How Com ports are allocated to Bluetooth drivers and how to diagnose and resolve installation issues because of this.
© Gijsbert van der Linden ()
Infralin Consultancy (http://www.infralin.com)
Last updated: 9-9-2004
Several Bluetooth applications like Microsoft’s ActiveSync and Nokia’s PC Suite make use of Com port emulations to communicate with a Bluetooth device. The Bluetooth driver maps the device to a Com port, while the PC application communicates with that Com port, without having to deal with the specifics of the Bluetooth protocol.
In many cases the mapping of these virtual com ports raises issues when installing applications. How does this mapping of com ports work, what are ways to diagnose the problems and how to resolve this.
My experience is based on the Sitecom dongle CN-502 with the Windows XP SP2 and Sitecom/Widcomm specific drivers, but the description in this document might very well be helpful for owners of other Bluetooth devices using virtual Com ports as well.
Windows keeps track of which Com ports have been allocated/blocked in the registry entry:
HKLM\System\CurrentControlSet\Control\Com name Arbiter\ComDB
The way this entry is coded was described on the X-Micro site, of which the following text was copied:
COM port database consists of a 32 integer array, with each bit (0 or 1)
representing whether a COM port is used. To make the Bluetooth COM port start
at a particular number, user needs to block all COM ports below that number,
install BTW to add the Bluetooth COM ports and reset the COM ports which we
blocked. So for example if you open up this Registry key and look at the
"ComDB" element you may see something like the following:
FF 1F 00 00 ... (NOTE: values are in hex, so change to binary where FF = 11111111, etc)
If you convert the values you see into binary (use the scientific calculator), each 0 or 1 will correspond to a COM port, if its free or used. If you have COM ports 1 thru 13 that are used, your registry looks like
FF 1F 00 00 ...
FF -> 1 1 1 1 1 1 1 1
COM PORT 8-7-6-5 4-3-2-1
1F -> 0 0 0 1 1 1 1 1
COM PORT 16-15-14-13-12-11-10-9
Start from top right and go right to left, top to bottom and see which port is blocked or available.
The key is as follows:
1 is blocked
0 is available.
So to block COM ports until COM 5 and start at COM 6, the registry would be
3F 00 00 00.....
3F -> 0 0 0 1 1 1 1 1
COM PORT 8-7-6-5 4-3-2-1
Be aware that a com port that is being blocked is not necessarily used for any application. When de-installing an application (e.g. the Widcomm drivers used by many Bluetooth dongles) these blockings are often not released.
To see which com port is allocated by which application/driver, have a look at the registry entry:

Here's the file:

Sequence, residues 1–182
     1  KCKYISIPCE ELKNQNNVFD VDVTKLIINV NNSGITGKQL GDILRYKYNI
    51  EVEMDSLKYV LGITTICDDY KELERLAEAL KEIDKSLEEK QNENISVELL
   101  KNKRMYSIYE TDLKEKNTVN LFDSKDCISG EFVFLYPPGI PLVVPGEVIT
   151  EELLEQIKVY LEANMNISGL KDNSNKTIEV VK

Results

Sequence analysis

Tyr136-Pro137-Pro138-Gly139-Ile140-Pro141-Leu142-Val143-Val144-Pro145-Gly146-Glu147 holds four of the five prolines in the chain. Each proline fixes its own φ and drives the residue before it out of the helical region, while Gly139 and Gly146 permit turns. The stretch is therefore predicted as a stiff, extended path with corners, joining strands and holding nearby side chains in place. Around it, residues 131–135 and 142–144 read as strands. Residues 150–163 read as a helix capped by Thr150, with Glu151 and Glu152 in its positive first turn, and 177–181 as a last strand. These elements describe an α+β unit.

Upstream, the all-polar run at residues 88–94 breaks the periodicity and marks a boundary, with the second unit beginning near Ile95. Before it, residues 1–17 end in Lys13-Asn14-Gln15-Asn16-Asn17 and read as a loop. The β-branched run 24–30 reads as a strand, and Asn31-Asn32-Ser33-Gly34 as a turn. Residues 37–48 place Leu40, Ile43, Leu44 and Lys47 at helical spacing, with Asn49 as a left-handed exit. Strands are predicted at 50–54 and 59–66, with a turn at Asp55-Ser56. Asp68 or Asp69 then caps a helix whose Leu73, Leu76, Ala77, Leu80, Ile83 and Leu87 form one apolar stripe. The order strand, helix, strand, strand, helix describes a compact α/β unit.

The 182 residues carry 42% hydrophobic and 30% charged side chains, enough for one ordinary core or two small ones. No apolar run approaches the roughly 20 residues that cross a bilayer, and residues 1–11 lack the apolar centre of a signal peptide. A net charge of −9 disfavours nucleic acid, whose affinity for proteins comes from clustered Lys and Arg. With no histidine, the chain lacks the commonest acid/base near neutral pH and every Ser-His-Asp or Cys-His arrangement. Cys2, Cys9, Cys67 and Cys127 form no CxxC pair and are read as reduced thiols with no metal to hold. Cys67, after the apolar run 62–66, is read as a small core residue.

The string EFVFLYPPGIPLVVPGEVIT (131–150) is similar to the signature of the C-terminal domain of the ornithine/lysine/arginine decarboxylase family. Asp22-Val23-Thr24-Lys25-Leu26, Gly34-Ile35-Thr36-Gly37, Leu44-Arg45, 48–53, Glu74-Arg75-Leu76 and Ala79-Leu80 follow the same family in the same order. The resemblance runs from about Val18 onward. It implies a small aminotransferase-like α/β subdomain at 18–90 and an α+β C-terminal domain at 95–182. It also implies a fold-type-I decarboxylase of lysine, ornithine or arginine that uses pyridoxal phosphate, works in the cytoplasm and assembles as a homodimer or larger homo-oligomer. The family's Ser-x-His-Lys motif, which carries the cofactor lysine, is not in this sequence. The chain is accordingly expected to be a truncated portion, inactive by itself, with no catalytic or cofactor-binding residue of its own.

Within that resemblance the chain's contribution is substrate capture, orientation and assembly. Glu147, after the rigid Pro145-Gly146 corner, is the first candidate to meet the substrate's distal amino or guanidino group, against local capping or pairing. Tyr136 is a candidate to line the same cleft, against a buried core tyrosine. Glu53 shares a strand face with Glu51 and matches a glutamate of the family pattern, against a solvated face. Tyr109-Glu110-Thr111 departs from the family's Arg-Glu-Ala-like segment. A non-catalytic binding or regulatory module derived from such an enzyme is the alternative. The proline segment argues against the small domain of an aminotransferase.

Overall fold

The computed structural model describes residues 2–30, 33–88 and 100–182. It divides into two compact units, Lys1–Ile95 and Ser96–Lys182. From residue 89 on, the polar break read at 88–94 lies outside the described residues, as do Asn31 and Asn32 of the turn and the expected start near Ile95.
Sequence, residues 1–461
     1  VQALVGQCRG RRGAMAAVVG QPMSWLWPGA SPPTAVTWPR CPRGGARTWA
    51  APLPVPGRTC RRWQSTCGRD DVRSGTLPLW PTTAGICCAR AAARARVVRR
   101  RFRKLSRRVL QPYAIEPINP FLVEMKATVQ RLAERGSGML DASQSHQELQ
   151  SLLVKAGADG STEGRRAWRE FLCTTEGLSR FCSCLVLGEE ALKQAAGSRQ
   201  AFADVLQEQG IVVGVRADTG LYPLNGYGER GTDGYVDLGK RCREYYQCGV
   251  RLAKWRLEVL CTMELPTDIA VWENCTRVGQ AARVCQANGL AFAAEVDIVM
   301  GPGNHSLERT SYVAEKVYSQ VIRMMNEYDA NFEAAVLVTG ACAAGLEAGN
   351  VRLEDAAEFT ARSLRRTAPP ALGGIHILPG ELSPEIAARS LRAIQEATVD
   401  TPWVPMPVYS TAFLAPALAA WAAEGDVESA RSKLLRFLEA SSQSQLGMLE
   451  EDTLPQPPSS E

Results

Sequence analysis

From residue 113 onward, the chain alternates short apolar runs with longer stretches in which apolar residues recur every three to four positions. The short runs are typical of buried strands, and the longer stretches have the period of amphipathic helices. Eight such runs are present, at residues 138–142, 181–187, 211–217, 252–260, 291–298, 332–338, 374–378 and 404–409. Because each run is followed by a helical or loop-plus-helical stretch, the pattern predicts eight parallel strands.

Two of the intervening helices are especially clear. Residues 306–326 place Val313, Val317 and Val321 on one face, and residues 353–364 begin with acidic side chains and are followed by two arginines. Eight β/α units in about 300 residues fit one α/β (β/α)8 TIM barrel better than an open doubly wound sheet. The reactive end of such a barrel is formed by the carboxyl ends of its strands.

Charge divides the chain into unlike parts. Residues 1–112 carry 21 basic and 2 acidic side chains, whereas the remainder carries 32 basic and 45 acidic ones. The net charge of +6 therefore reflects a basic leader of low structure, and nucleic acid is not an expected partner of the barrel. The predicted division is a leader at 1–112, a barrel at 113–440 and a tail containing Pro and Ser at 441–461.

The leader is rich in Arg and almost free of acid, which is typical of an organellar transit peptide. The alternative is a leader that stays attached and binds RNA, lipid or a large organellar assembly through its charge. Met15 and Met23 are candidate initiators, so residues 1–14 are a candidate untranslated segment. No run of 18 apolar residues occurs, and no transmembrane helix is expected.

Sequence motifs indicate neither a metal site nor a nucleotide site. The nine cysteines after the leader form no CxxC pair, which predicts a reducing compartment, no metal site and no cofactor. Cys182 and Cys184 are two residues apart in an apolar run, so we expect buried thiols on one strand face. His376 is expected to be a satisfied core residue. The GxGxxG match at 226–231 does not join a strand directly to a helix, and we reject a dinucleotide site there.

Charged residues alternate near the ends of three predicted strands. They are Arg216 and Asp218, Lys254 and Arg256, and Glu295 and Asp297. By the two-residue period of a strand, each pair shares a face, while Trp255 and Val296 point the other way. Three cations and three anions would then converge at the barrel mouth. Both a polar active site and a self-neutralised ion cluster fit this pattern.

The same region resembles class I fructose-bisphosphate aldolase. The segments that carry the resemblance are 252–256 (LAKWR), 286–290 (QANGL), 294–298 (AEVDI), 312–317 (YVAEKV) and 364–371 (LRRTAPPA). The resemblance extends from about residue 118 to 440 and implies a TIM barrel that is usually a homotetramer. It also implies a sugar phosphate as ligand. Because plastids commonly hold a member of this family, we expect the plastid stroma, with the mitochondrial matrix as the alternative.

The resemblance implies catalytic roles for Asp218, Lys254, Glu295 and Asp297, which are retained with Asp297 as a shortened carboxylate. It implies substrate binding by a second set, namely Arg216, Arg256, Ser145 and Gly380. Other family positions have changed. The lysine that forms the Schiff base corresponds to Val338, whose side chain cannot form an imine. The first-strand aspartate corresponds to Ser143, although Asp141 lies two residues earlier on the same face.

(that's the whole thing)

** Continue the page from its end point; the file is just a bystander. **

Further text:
This is how this entry looks like on my laptop after installing the Sitecom/Widcomm driver and allocating some extra com ports through its Advanced Configuration option:
It shows that the com ports 4 – 8 have been allocated to the (Sitecom/Widcomm) Bluetooth driver.
The Bluetooth driver in its turn allocates the ports to applications. This is (for the Sitecom/Widcomm driver) governed through the registry entry:
(for the Windows XP2 driver the key is HKLM\System\CurrentControlset\Enum\BthEnum\...)
Each subkey defines one of the com ports allocated to the Bluetooth driver
This is how the first one looks like in my case:
"DeviceDesc"="Bluetooth Communications Port"
"FriendlyName"="Bluetooth Communications Port (COM3)"
The Sitecom/Widcomm driver keeps track of which ports it has already allocated and what next number to use, in the registry key:
Especially for Microsoft’s ActiveSync a lot of installation problems have been reported and I had my decent share of it. At first it worked without any problems, but after some other installations I could not get it to work anymore. The problem was (and often is with others) that ActiveSync only supports Com ports 1 – 9 and that many applications do not clean-up their com port allocations and blockings when de-installing itself. If all the Com ports in the range 1 - 9 have been allocated to (or blocked by) other applications, you’ll never get ActiveSync to work. The trick in this case is to manually de-allocate the com ports allocated by others. This is how to do this:
De-install the Bluetooth driver software and the Bluetooth applications.
See what com ports are still in use (using the registry key HKLM\HARDWARE\DEVICEMAP\SERIALCOMM) and update the ComDB registry entry as described above. This results in the following table for the first byte (the other 31 bytes should become/remain hexadecimal 00):
Highest com port used ComDB Hex value
Then delete all values for the Registry key:
(I actually removed more entries from the registry, but I suppose this was the one that made the difference).
Both the blocking of the com ports and the deletion of this entry should have been handled by the de-installation process of course, but as with many other applications, the de-installation process of the typical Bluetooth drivers leaves a lot of rubbish behind.
Once this has been done you can install the BT driver and ActiveSync software again, following the normal installation procedure. It should now assign low numbered com ports again. You are advised to install ActiveSync before any other Bluetooth application making use of Com ports.